“This was a fraudulent election, but we can’t play into the hands of these people. We have to have peace.”
Many of Trump’s supporters took his words as encouragement, leading to Twitter deleting three of his tweets and muting his account for 12 hours for violating their Civil Integrity policy and, later on Jan. 8, permanently. Social media sites Facebook and Instagram also rightfully announced their decision to indefinitely ban Trump’s account. The president often spread misinformation to his followers about wrongfully losing the election, using his platform to spread hate. A line must be drawn to prevent extensive damage and with the provocation of the Capitol Hill onslaught Trump took went too far.
Democrats and Republicans worried about the future of our democratic system should also be upset with the spread of misinformation to loyal Trump supporters, the result of allowing lies to spread without being checked.
“We gather due to a selfish man’s injured pride and the outrage of supporters who he has deliberately misinformed for the past two months and stirred to action this very morning,” said Utah Sen. Mitt Romney, referring to Trump on the Senate floor after police secured the building and the congressional leaders returned to finish the electoral vote certification. In February, Romney was the only Republican who voted in favor of Trump’s impeachment, according to a Feb. 5, 2020 USA Today article. As an official elected to protect the integrity of our country, Romney and other politicians standing up against the president’s misdoings should naturally do so. Power gone unchecked will lead to more damage than it already has, grieving awareness to their supporters by speaking up can encourage others to see the wrong in Trump’s action.
Members of both parties, regardless of their support for Trump, acknowledged the dreadfulness and preventable nature of the riots had Trump not continuously insinuated a fraudulent election.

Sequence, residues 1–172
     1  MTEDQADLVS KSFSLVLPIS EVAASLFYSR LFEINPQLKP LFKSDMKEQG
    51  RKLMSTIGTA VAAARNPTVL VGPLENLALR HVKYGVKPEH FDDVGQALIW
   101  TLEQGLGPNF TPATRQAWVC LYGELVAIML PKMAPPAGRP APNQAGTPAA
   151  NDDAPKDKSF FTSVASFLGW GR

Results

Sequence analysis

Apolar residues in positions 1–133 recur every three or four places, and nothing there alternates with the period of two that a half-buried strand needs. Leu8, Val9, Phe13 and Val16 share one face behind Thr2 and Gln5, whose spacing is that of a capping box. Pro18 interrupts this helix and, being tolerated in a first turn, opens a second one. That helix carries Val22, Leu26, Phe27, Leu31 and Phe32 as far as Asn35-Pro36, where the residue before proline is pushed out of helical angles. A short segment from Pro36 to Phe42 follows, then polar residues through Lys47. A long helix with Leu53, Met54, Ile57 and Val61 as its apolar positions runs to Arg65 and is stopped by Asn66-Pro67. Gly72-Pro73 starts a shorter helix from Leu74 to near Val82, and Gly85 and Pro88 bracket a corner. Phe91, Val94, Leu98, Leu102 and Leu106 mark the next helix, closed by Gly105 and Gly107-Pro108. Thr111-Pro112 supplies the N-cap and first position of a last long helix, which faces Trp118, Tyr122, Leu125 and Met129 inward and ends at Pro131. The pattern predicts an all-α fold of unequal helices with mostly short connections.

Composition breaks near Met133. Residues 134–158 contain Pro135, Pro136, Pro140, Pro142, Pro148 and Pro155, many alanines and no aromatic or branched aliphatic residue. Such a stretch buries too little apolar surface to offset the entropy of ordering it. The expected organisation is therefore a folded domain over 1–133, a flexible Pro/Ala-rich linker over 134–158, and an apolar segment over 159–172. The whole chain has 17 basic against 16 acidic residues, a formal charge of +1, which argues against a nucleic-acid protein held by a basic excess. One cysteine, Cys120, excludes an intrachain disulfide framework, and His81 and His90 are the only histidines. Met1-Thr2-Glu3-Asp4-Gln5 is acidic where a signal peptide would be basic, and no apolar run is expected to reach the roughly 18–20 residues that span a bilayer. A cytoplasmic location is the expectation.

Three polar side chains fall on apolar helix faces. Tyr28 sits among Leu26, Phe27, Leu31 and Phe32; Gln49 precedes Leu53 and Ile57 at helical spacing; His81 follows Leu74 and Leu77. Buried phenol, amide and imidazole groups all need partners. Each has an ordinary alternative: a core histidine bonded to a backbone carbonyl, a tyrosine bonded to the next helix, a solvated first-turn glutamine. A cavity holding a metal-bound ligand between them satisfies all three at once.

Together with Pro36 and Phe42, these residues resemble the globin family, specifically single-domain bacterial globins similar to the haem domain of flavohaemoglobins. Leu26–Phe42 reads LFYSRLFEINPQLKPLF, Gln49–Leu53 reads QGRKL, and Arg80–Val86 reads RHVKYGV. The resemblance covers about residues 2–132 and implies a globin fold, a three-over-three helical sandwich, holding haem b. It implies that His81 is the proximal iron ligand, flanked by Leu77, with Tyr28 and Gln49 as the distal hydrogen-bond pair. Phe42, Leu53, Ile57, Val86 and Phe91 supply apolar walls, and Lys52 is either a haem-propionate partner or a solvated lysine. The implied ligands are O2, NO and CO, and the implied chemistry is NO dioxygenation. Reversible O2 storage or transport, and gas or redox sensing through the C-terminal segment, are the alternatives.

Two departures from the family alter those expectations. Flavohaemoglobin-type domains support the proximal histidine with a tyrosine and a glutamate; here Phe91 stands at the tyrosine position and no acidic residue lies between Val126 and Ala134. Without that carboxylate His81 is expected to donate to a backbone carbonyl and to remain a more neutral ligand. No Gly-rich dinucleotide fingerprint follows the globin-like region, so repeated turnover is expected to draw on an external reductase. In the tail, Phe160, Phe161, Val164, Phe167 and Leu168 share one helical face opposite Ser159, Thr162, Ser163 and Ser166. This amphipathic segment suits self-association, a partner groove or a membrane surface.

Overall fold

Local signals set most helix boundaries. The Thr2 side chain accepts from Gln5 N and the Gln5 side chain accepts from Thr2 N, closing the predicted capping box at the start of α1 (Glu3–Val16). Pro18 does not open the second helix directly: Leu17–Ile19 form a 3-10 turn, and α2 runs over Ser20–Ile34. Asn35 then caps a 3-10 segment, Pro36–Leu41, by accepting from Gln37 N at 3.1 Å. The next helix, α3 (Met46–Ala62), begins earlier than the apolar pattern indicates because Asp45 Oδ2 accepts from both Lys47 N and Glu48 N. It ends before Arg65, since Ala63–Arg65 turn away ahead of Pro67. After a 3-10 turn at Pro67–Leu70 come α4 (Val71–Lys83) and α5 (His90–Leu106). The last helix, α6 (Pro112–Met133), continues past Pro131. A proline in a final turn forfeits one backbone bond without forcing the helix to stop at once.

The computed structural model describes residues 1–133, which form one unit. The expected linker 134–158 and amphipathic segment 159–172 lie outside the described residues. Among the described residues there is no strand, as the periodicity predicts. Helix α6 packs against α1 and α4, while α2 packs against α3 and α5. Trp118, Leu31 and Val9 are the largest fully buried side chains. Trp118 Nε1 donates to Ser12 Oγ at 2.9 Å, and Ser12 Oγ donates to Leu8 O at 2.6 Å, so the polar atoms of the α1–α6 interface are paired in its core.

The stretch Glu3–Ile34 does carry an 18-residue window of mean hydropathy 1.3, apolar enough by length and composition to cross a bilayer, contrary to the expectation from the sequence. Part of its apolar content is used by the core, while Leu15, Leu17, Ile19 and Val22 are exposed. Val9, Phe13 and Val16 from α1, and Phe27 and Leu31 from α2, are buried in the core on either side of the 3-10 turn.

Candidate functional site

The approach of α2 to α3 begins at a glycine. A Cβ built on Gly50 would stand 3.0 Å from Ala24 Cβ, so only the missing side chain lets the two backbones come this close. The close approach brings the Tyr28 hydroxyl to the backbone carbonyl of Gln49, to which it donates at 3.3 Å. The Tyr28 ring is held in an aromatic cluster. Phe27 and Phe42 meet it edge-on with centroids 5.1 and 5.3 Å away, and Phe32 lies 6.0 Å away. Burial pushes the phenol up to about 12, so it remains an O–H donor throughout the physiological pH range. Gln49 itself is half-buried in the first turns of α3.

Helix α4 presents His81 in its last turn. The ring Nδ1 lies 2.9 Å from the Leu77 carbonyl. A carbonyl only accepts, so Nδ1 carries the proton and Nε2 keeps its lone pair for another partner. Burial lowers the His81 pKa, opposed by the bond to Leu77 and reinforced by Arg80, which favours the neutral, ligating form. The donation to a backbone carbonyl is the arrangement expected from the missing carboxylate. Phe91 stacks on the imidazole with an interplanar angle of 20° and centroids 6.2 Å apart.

“You see the way others are treated that are so bad and so evil.”
The First Amendment secures Americans’ right to protest peacefully. However, the violent and chaotic herd of people who broke into Capitol Hill violated the boundaries of what can be considered peaceful.
In comparison to the peaceful Black Lives Matter [BLM] protests on June 1, Wednesday’s rioters have nothing in common.
“When Black folks are protesting and progressives are protesting peacefully, they were tear-gassed, they were arrested, they were shot with rubber bullets,” NAACP president Derrick Johnson said in a Jan. 7 USA Today article.
Domestic terrorists from the Capitol siege arguably received better treatment than peaceful protesters by police, a slap in the face to many BLM supporters. Videos of people in D.C. Capitol Police jackets removing barriers to allow protesters entry into the building and another posted to Twitter by journalist Timothy Burke with an officer taking photos with rioters emphasizes the difference in treatment. BLM’s protest — focused on raising awareness against systemic racism — had 316 arrests, more than five times as many made at Capitol Hill so far.
If right-winged Trump supporters want to host protests of their own, an essential part should be remaining peaceful and respecting public property — neither occurred at the Capitol Hill riot.
“I know how you feel. But go home, and go home in peace.”
Even at home in Southern California, we experienced protests ranging from 300-400 people in downtown LA, Newport Beach, Huntington Beach and Beverly Hills, according to a Jan. 6 Orange County Register article, where demonstrators seemed to echo the idea of a fraudulent election.
A speech given in Washington D.C. prompted violence all the way in California, a state well known for being left-leaning. Denying the effects of Trump’s words and the violent results of them would simply be ignorant.
Although both Adams and Trump have violated America’s democratic standards, we can at least praise Adams for the peaceful transition of power to Jefferson.
In spite of wanting to keep his own political party in power, Adams graciously stepped down so that America’s next rightfully appointed president could take his place as leader of the nation, even if it meant a loss of Federalist influence in the government.
Unfortunately, the same honor did not apply to Biden. Only after the Jan. 6 protests did Trump verbally concede in a Jan. 7 video on his Twitter account, but later that day announced his decision to not attend Biden’s inauguration. Had Trump acknowledged his election loss earlier, Wednesday’s damages could have been avoided. Nevertheless, the step is essential for America’s journey to heal from the Capitol riot as we take one step at a time toward a future befitting for our democracy.
This story was originally published on The Accolade on January 9, 2021.